|What innovations in medical care were introduced in Vietnam?
Introduction: With each war come new changes to the military, some changes which find their way into civilian life. Medical care on the battlefield has continued to evolve since Vietnam and continues to impact medical care at home in communities around the country.
This lesson plan will involve a review of medical innovations introduced on the battlefield, from World War II to today. Students will examine the effects of these innovations on both the rate of deaths and casualties in war, as well as the broader effects these innovations have on the general public.
Ask students to research the number and percentages (out of the total number of those who served) of those who were killed and wounded in: 1.) the Revolutionary War and 2.) the war in Afghanistan. Students should see that both the numbers and percentage of deaths are lower in Afghanistan (less than 1% vs. 2% in Revolutionary War), and the percentage of wounded is lower in Afghanistan (2% vs. 3% in Revolutionary War). Ask students to individually brainstorm at least 3 different reasons that battlefield deaths and woundings have decreased over time, then discuss as a group. Some factors include:
Long range weapons that decrease contact with the enemy
More advanced and varied forms of transportation for the wounded
New and more effective medicine to both treat injury and prevent disease
More skilled medical personnel on the field
In the classroom
Ask students: What are some of the positive impacts of war? It may be hard to identify many, but all can agree that the advancement of medicine and medical care are positive consequences of the challenges faced in war.
During World War II, combat medics, or military personnel whose primary duty is to provide frontline trauma care, provided the first step of care to an injured solider at aid stations on the field, as depicted in slide 1. For those that needed further care, ground evacuations by ambulance, such as the one depicted in slide 2, brought soldiers to mobile field hospitals if present in the area. Slide 3 depicts a field hospital in Bougainville, New Guinea during WWII, where necessary procedures like amputations might have been performed to treat traumatic injuries. Over 15,000 soldiers received amputations of limbs in World War II as a result of their injuries.
During the Korean War, the installation of Mobile Army Surgical Hospitals (MASH), which were first introduced in World War II, became the standard for treating extensive traumatic combat injuries. Injured soldiers would first be taken to aid stations and then routed to MASH facilities, such as the ones depicted in slides 4 and 5. As a result of the wide presence of MASH facilities, the mortality rate for those evacuated from the field dropped from 4% in World War II to 2.5% in Korea, meaning a wounded soldier who was evacuated had over a 97% chance of surviving.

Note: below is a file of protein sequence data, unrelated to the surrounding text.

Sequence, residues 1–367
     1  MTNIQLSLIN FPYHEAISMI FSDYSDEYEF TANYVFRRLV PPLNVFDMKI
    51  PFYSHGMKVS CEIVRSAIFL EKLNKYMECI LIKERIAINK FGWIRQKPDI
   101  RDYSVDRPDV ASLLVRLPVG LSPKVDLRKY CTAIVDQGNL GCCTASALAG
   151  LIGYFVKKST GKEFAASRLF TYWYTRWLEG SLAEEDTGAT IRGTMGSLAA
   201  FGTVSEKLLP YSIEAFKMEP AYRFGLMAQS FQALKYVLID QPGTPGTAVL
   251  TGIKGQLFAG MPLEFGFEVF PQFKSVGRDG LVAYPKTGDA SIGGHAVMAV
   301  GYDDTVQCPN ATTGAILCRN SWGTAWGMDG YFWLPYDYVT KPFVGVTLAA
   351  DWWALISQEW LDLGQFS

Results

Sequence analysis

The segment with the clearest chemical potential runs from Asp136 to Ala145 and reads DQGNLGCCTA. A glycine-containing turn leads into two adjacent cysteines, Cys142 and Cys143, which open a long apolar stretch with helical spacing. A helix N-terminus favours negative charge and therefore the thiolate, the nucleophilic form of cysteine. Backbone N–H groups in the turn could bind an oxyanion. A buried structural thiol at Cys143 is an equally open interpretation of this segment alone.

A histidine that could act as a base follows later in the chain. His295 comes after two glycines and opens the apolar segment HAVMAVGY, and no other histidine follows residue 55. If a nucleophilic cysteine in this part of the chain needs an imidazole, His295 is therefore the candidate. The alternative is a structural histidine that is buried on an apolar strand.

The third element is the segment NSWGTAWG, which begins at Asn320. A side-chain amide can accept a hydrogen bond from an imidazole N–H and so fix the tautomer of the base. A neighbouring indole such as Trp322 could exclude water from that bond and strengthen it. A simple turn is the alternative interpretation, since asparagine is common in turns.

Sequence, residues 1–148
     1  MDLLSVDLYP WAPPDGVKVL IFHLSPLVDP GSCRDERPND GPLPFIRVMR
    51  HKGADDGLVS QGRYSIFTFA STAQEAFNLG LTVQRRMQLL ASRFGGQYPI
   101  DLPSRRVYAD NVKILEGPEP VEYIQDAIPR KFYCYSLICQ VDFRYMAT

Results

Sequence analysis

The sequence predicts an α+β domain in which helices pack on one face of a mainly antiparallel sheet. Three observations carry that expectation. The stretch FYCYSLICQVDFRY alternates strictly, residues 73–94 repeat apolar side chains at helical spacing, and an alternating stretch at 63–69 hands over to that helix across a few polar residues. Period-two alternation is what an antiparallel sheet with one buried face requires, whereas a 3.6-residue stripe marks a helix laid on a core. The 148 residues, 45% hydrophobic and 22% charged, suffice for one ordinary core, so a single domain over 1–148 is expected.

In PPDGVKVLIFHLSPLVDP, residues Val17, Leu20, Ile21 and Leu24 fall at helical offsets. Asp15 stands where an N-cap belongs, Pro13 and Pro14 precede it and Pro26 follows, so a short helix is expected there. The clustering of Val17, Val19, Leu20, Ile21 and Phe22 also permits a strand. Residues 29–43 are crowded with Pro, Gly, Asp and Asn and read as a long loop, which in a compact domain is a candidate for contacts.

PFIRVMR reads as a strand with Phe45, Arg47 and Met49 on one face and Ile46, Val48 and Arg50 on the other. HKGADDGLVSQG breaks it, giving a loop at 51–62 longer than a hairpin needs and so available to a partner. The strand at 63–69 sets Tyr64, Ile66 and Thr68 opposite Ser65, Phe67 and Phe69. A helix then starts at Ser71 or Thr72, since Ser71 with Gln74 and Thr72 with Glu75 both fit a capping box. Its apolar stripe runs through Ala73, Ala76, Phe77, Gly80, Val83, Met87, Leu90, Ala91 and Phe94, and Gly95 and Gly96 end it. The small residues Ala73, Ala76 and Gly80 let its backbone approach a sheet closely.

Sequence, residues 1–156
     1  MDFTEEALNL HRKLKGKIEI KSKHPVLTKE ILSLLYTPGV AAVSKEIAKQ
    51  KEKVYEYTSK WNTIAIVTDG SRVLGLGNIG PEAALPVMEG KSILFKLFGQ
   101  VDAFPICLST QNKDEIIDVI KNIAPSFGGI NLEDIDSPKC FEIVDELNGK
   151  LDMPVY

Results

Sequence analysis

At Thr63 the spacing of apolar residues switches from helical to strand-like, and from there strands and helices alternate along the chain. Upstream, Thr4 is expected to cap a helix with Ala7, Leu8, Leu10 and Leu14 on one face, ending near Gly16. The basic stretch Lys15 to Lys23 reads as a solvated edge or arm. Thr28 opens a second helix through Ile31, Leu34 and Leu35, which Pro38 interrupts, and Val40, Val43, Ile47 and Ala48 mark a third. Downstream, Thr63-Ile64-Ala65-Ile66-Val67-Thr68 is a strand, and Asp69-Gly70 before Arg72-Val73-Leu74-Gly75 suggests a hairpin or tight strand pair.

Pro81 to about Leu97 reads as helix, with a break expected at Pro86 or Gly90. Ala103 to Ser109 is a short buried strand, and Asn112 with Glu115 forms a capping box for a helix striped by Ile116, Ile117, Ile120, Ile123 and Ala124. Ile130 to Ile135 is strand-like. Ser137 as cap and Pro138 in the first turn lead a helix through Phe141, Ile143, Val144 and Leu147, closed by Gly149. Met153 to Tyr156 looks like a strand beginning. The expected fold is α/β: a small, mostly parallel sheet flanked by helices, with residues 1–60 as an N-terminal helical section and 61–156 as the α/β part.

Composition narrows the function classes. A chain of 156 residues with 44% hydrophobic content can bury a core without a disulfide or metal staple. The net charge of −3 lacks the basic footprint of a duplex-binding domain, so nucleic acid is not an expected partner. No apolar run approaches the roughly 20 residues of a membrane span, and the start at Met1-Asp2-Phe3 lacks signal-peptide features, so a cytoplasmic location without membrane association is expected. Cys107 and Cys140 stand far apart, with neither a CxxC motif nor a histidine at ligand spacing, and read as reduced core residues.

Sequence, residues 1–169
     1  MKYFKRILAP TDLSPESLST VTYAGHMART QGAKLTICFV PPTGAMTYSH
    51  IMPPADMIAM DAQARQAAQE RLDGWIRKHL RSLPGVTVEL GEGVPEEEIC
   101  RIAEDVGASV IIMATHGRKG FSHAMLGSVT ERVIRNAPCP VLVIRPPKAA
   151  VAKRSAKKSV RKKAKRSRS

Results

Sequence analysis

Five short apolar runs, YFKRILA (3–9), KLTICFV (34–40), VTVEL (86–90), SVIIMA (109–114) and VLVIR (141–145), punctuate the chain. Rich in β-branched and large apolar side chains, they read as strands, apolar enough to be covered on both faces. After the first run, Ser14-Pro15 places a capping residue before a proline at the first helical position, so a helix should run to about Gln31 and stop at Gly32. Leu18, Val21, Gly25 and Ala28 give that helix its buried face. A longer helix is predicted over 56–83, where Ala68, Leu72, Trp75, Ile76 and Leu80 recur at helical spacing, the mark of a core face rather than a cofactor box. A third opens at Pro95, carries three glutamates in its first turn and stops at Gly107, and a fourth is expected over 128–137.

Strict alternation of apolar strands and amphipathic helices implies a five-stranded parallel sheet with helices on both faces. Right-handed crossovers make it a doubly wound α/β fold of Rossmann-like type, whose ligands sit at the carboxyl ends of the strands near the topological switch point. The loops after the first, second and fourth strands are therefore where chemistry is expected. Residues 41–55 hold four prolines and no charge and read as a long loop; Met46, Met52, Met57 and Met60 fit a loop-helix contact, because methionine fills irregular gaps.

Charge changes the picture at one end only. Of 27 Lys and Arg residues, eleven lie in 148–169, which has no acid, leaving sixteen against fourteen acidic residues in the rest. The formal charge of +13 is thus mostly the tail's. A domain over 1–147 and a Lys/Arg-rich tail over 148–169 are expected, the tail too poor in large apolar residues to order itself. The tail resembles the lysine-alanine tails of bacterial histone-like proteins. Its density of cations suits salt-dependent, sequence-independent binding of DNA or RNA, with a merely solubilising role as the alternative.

Another major medical advance of the Korean War was the improvement in vascular reconstruction surgery, or the repair of arteries and vessels. Improvement in vascular reconstruction led to a significantly lower rate of amputation as compared with World War II, at just 13% of the injured vs. 36% in World War II. Famed Army surgeon Michael DeBakey (seen in slide 6) was a pioneer in both the widespread establishment of MASH facilities and the improved methods for vascular reconstruction. Further improvements in vascular reconstruction reduced the amputation rate in Vietnam to just 8%.
With the Vietnam War came major advances in medical care, some of which continue to be used as standard practice in civilian medical care today. Perhaps the most significant innovation in medical care of the Vietnam War was the widespread use of air ambulances for helicopter evacuation—also known as medevacs (see slide 7). The Bell UH-1 helicopter reduced the amount of time from wounding to treatment to an average of 35 minutes, a monumental decrease as compared to the 4-6 hours from wounding to treatment for the evacuated in Korea (see slide 8). There were a total of 116 helicopter ambulances operating in Vietnam by 1968, and after state authorities in the US began following suit in using helicopters to transport highway crash victims, the practice became the norm—many hospitals in the US have helicopter landing pads for this purpose.
Another innovation which factored into a greater ability to receive medical care was the installation of long-range radios able to cover distances of up to 5 miles- they were known as PRC-25s, as seen in slide 9. The widespread use of long-range radios reduced the response time to an injured solider—it took an average of just 9 minutes from request to the launch of a medevac toward its destination. Improved radio communication also meant that the status and needs of the injured solider could be relayed to the hospital while en route. “Dust-off” became the radio signal to call for air evacuation (see slide 10). Dust-off continues to be the term used to refer to air evacuation crews.